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authorDaniel Silverstone <>2017-02-04 09:41:13 +0000
committerDaniel Silverstone <>2017-02-04 09:41:13 +0000
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+[[!meta title="Css media queries"]]
+[[!meta author="Kyllikki"]]
+[[!meta date="2015-04-03T13:09:32Z"]]
+irc discussion
+**jmb** if this is in libcss, then you probably only need to alter
+parseMediaList (and friends)
+**kyllikki** oh thats a thought, this should probably be an interface in
+libcss rather than open coded in the browser
+**jmb** seems reasonable, given libcss needs it too
+**kyllikki** I worked my way to where it was currently done and it
+extracts the entry from the link and does string messing on it
+**jmb** yeah; that's hideous, and should die
+**kyllikki** ok so how ought we to do it?
+**jmb** first, we need to change how libcss represents media. currently,
+it's a bitfield. which clearly doesn't work for media queries. so, that
+needs to be an object, instead. which probably isn't much work to
+change. then, in libcss' parser, parseMediaList will need to change to
+understand the new media query grammar
+**kyllikki** ok, i think i know what you mean. thats just altering the
+internal libcss representation?
+**jmb** mostly. And then, finally, we need to expose an api to allow a
+client to parse an arbitrary string as if it were a media query list.
+that should return the new media object. that's needed, because of
+` `<link type="stylesheet" media="<query>`">`
+**kyllikki** right, which is all we currently support right?
+**jmb** libcss supports @media rules.
+<style markdown="1">
+may also have a media attribute. though I don't recall if NetSurf
+supports that.
+it does indeed carry it and netsurf does not support it
+**kyllikki** so how does libcss make decisions about applying the rules?
+it obviously has no knowledge of any of the state
+**jmb** see the selection api. when you add a stylesheet to a selection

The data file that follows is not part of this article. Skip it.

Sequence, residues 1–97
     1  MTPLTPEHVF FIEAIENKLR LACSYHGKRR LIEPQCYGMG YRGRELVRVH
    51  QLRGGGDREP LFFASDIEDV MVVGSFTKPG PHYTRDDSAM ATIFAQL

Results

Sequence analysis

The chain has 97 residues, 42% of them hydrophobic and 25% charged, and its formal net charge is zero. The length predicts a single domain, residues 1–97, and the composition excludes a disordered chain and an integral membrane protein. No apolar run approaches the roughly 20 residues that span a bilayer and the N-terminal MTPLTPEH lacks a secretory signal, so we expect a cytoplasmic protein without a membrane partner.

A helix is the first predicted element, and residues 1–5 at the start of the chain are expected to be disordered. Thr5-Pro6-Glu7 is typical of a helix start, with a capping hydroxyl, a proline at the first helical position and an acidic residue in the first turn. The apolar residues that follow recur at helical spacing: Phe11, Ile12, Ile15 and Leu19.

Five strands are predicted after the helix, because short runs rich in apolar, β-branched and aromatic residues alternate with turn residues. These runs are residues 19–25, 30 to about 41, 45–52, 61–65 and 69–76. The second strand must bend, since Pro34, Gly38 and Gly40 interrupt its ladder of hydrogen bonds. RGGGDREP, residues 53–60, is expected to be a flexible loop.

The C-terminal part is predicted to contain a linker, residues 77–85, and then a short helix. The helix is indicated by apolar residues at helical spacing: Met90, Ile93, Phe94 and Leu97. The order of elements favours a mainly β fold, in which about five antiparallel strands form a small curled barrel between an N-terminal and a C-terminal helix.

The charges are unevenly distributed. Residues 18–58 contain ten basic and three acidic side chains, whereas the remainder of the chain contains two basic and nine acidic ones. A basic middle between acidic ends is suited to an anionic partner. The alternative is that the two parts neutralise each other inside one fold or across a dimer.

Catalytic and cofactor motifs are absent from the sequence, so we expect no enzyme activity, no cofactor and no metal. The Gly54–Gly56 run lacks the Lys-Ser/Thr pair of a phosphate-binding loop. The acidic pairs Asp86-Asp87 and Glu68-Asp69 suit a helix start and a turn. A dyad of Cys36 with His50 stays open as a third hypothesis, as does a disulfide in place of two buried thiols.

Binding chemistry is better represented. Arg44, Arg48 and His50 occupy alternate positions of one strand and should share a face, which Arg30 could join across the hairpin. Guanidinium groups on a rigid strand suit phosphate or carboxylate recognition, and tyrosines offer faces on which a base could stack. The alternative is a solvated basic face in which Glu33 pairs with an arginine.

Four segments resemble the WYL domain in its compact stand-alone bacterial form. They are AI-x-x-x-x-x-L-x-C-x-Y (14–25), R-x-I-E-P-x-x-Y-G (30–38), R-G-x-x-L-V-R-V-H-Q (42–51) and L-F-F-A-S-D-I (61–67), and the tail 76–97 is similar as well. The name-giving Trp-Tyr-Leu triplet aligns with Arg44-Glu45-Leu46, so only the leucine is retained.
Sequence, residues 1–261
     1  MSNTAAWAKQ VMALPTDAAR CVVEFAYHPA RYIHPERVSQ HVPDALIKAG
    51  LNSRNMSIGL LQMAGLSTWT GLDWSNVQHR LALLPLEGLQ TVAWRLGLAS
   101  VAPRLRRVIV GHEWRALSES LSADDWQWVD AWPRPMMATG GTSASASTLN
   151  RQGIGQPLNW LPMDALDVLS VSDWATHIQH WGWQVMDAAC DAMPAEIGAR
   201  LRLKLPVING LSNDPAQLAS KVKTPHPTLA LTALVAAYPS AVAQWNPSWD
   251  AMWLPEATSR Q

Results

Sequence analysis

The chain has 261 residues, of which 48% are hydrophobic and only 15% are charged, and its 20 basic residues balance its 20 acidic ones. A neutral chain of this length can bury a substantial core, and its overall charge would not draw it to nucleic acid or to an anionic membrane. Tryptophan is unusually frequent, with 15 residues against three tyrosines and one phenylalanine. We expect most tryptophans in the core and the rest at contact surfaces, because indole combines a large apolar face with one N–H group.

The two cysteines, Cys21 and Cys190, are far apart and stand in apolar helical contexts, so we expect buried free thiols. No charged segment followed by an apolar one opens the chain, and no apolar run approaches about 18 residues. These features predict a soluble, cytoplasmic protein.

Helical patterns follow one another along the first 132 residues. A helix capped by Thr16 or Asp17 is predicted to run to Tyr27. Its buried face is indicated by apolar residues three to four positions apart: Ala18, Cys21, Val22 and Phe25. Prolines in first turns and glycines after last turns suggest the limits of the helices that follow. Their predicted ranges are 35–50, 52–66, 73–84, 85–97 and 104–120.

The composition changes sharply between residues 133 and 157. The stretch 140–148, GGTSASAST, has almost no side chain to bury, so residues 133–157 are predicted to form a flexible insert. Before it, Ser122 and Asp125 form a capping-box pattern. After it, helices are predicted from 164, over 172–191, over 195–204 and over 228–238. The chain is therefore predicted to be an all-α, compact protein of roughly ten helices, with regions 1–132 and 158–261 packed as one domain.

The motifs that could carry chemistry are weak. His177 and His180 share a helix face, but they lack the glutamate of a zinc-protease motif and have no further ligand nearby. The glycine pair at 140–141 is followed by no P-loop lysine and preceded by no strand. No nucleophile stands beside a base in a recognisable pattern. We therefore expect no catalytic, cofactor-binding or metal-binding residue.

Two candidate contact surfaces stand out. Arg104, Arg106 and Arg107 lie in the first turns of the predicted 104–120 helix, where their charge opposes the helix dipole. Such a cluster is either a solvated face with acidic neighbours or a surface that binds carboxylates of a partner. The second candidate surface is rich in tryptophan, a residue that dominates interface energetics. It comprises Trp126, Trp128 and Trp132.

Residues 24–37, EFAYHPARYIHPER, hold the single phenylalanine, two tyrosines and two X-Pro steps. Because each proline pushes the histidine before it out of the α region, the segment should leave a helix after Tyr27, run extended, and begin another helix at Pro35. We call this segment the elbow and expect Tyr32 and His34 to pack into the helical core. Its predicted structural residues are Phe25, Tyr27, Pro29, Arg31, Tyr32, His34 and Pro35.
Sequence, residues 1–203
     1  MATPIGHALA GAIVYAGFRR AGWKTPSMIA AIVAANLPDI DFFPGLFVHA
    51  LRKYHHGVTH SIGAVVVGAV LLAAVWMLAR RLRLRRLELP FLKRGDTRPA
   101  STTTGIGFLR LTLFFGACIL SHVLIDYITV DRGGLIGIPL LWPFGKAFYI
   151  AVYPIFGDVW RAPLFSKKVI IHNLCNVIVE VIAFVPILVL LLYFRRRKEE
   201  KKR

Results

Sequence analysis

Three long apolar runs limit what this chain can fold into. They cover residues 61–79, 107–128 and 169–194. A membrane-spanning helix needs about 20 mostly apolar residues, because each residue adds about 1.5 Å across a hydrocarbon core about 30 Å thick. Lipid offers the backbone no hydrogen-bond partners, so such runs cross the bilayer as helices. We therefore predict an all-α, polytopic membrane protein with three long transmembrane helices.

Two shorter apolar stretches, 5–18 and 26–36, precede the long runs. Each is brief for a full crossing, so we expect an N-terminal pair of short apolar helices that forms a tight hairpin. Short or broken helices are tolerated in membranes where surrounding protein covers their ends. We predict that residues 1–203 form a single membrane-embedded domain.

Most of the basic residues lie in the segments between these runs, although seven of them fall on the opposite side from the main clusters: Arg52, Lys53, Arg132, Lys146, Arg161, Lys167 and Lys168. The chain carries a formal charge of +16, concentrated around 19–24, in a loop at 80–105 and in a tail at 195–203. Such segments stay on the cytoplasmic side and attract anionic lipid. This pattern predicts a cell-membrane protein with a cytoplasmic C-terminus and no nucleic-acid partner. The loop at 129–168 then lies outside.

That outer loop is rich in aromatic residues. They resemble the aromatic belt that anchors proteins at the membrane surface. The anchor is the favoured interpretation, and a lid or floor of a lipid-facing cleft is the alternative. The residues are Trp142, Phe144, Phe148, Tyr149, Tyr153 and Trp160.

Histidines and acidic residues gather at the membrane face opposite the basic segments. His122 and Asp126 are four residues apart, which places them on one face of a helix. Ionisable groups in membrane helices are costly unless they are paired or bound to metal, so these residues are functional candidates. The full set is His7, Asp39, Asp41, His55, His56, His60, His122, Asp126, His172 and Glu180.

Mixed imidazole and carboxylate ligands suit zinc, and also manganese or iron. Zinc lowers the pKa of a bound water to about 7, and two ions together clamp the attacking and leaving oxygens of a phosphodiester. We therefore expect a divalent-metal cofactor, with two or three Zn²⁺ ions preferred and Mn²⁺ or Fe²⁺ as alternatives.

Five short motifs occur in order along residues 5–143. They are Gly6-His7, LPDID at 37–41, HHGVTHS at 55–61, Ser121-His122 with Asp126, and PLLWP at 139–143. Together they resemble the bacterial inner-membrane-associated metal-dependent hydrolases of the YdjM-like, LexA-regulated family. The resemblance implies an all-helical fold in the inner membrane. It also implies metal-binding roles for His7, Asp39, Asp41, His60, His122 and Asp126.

+context, the client provides the media it applies to (e.g.
+**kyllikki** so we have netsurf call the new libcss api to get the media
+object and pass that instead?
+**jmb** seems reasonable
+**kyllikki** but how does libcss make an actual decision whether to
+apply the styling or not?
+**jmb** there needs to be a way to construct one computationally, too
+(rather than from string), as the client must also pass a media
+descriptor into css\_select\_style. which I think answers your question
+**kyllikki** not sure how they are comparable though. I guess thats
+implementation detail
+**jmb** likely. today's implementation uses & .the basic concept is:
+style information has associated metadata that says what kinds of media
+it applies to
+**kyllikki** I guess we have to figure that providing a media object
+that represents the browsers current media state is enough to make media
+selection comparisons
+*'jmb* and then, when selecting a style, you know what media you are
+selecting for, and can then include/exclude specific style information
+based on that. and the metadata either applies to the whole of a
+stylesheet (be that <link> or
+<style markdown="1">
+), or it applies to part of a stylesheet (through the use of @media
+within the CSS). libcss already has all the plumbing for that logic; it
+just doesn't have a rich enough mechanism for expressing media
+information. or the parse implementation for media queries ;)
+**kyllikki** so
+- first up is moving the existing media api to be an object
+- then ensuring the browser creates such objects where needed and
+ passes them
+- only then should the parse api in libcss be expanded, given it
+ already has one for @media and we want it to be universal
+**jmb** ya
+**kyllikki** so we are already just fucking doing it wrong
+**jmb** well, media queries weren't mature enough when libcss was first
+designed for them to be considered and all the stuff in NS mostly
+predates libcss, anyway -- certainly that media attribute parsing on
+link elements has been around forever
+**kyllikki** yeah but we always add sheets fetched from the dom as
+**jmb** "oops" :)